However, the CommonServiceLocator does not exist for all MVVM Light-supported frameworks. We have the following situation:
This change was needed for two reasons:
There are two packages in Nuget for MVVM Light:
The next step will be to finally provide the full MSI with the 4.1.27 build of the DLLs as well as some changes to the project templates. I had a few issues with the installer but I have good hopes that I can resolve that soon.
Happy coding Laurent
Originally posted on: http://blog.galasoft.ch/archive/2013/01/05/mvvm-light-v4.1.26-change-log.aspx
I just published the change log for MVVM Light V4.1.26, which is available on Nuget only at this time. The full version is available here, while the “libraries only” version is available here.
I am working on an installer which will also add a few more changes to the templates and one bug fix in the code snippets. Stay tuned for that installer as soon as I figure a few things out.
Originally posted on: http://blog.galasoft.ch/archive/2012/11/11/a-fix-for-the-design-time-error-in-mvvm-light.aspx
For those of you who installed V4.1 of MVVM Light and created a project for Windows Phone 8, you will have noticed an error showing up in the design surface (either in Visual Studio designer, or in Expression Blend). The error says: “Could not load type ‘System.ComponentModel.INotifyPropertyChanging’ from assembly ‘mscorlib.extensions’” with additional information about version numbers.
The error is caused by an incompatibility between versions of System.Windows.Interactivity. Because this assembly is strongly named, any version incompatibility is causing the kind of error shown here (for an interesting discussion on the strong naming issue, see this thread on Codeplex).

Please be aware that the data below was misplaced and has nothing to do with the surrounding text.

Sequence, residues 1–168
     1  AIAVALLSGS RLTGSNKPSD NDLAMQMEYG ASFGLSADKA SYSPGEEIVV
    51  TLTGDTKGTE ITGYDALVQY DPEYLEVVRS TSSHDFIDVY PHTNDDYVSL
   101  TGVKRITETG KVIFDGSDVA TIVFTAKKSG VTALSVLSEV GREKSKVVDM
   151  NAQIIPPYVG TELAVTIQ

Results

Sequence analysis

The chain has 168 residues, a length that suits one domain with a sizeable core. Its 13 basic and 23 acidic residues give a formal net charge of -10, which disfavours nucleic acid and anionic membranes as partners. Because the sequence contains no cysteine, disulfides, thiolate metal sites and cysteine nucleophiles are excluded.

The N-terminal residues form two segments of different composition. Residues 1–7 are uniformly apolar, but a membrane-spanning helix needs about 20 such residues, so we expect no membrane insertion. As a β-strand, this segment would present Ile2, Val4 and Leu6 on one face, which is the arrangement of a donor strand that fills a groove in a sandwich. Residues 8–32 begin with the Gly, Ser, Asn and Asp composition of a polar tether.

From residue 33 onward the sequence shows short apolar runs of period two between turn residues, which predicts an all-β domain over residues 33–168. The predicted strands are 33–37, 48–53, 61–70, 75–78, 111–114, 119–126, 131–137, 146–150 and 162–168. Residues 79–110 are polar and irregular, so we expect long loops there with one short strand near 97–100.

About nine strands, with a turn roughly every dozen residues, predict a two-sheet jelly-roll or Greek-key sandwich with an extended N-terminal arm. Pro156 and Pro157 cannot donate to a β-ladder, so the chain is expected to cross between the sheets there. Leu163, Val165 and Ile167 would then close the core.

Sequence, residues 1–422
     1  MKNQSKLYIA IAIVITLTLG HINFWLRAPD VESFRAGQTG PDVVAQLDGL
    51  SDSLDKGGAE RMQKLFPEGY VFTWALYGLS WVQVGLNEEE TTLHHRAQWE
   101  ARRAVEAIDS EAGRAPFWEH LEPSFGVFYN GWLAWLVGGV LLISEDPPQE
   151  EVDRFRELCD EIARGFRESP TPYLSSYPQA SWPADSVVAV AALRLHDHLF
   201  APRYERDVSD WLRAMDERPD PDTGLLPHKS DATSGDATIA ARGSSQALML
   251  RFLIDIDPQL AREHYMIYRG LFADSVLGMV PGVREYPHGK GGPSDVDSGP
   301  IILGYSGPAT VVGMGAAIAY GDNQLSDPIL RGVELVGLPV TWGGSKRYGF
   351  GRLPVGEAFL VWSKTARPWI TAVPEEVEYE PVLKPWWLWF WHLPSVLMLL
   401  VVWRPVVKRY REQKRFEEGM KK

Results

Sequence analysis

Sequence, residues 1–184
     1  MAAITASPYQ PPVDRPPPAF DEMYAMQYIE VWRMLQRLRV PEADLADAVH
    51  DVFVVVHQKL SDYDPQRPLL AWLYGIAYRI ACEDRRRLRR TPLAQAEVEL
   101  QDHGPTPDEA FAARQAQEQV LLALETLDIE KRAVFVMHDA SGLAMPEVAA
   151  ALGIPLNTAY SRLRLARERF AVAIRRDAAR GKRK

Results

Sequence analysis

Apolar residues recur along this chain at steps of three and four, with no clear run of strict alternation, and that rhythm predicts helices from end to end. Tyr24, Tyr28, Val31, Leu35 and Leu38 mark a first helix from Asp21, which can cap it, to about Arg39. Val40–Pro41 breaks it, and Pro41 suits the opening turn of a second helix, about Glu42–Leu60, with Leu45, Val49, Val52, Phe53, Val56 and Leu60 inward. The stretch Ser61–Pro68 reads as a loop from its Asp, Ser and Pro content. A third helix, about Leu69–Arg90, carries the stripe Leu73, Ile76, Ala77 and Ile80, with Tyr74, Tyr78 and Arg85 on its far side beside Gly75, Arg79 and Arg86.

I managed to resolve the issue for Windows Phone 8 and will publish a cleaned up installer next week. In the mean time, in order to allow you to continue development, please follow the steps:
The error should be gone now.
In the next few days, as time allows, I will publish a new MSI containing a fixed version of the DLLs as well as a few other improvements. This quick fix should however allow you to continue working on your Windows Phone 8 projects in design mode too.
Because of some issues with the WP7.1 version of the DLLs, I had to (hopefully temporarily) remove the INotifyPropertyChanging interface from the ObservableObject and ViewModelBase classes. I am talking with Microsoft to try and solve this issue. In the meantime, I hope that this change will not affect too many people.
Originally posted on: http://blog.galasoft.ch/archive/2012/11/11/oredev-2012-summary-and-source-code.aspx
This week, I had the pleasure to be invited to talk at Oredev, a really cool conference taking place in Malmo, Sweden. The whole event is awesome, including a very special dinner on Monday including sauna and swimming in a 6 degrees cold Baltic sea, and a reception with dinner at the town hall, including the mayor himself. Considering Malmo is a town of 300'000 inhabitants, it is a pretty nice occasion and the historical building itself is really worth seeing. For those interested, I placed my pictures on my Flickr account.
I had a workshop on Tuesday morning about Windows 8 development with XAML/C#, and then a session on Wednesday about MVVM in Windows Phone 8 and Windows 8, of course using MVVM Light. I was very nervous because I reworked some of my demos as recently as this morning, in the wake of the Build conference last week and the release of both the Windows Phone SDK and MVVM Light V4.1. Everything went well however, and if I judge by the people I talked t after the talk, and Twitter, everything went pretty well.